Sophie Littlefield said...

ahhhh julie you are brilliant. I am going to snip out bits of this and toss it around as my own in editorial discussions. (SO relieved to discover I chose the politically appropriate creatures.) And also so relieved you know everything....don't know why i bothered consulting a dictionary when I could have just asked you!!

Steve Hockensmith said...

I think you're definitely onto something with the apocalyptic, society-in-decline angle. Didn't the whole zombie phenomenon really explode not long after 9/11?

On a more serious note, I think "The Time Ghost" would make an excellent villain on "Doctor Who."

Steve Hockensmith said...

Oh, and German award-winning scholar: Ich will dich nexte Woche gesehen. (That's the best I can do from memory. I took two years of college German a loooooooong time ago, and I sure didn't win any awards for it.)

Juliet Blackwell said...

Rachael -- same right back atcha, babe. Love you lots, and miss you! And I'm with you on the "behind the times" syndrome -- still living in the twentieth century at my house.

Soph--you're always on the right side!!! ANd you're right, I really do know EVERYTHING. Just everything. That's me.

Steve-- Doctor Who? That would be perfect!!!

Juliet Blackwell said...

Oh, and Steve, I said I won the award in 1980. Nineteen-eighty. That was soooooo last century, in so many ways. I think our level of German conversation is just about equal at this point ;-) Nexte Woche!

Unknown said...

Great question! There's a British film theorist whose name escapes me, he or she posited that "body part" fantasies appear in film (and presumably other cultural artifacts) whenever there is a recession. I'm not sure he or she had an explanation for vampires or werewolves :)

Vampires I always ascribe to declining state of science education in America:

1. Human can't digest human blood. Guys used to exploit that fact to get F4 draft board designations.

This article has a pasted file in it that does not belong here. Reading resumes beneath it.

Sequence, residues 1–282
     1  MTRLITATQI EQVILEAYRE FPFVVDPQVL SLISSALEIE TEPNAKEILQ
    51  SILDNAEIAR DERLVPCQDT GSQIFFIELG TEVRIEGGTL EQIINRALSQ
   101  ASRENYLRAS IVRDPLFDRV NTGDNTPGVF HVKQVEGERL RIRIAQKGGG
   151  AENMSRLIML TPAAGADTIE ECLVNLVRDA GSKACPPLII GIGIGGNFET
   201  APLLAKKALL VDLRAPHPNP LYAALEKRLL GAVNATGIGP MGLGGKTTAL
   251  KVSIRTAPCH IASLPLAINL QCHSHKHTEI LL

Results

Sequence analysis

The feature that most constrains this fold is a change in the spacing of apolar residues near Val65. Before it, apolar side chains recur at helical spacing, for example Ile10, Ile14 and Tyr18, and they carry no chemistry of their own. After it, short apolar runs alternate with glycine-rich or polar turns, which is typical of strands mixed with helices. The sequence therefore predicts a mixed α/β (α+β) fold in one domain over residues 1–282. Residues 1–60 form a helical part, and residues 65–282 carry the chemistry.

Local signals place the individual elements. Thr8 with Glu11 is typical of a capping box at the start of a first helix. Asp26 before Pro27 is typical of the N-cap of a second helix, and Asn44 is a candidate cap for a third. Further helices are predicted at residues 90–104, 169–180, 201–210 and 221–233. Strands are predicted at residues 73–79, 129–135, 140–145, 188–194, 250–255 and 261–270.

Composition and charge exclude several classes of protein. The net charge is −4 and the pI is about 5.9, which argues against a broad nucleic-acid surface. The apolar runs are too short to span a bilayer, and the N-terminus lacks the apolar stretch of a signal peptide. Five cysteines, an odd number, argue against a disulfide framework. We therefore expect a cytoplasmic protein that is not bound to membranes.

2. Viruses destroy, they don't create new structures or capabilities like ability to digest human blood.

Therefore, vampire are far less likely to exist than ghosts!!!

Sure, back when there was a declining aristocracy whose loss of control *might* have meant social chaos, Dracula was relevant (and throw in a soupcon of sexual repression that hasn't been an issue in the blue states for quite some time). Now, it seems symbolic of a rush to embrace ignorance. Don't worry, my husband thinks I'm crazy on this point too.

I'd cast Lewis Black to play Zeitgeist in current times. Angry and frustrated with current absurdities (seriously, you dug a well with no idea how to cap it in a worst-case scenario? REALLY?), impotent to change them, generating even more frustration.

That sounds bleaker than I mean it. It's just the zeitgeist. As soon as we get some more reds & blues cooperating, it'll become a real ghost. I hope.

P.S. My German teacher suggested I find another language to study, and I had the impression it was for the sake of German, not me. I showed him, I majored in linguistics :)

Juliet Blackwell said...

This is great Mysti! Trust you to make a truly thought-provoking comment...didn't know that about digesting human blood, and I simply ADORE the suggestion of Lewis Black to play our Zeitgeist!'s to ghosts!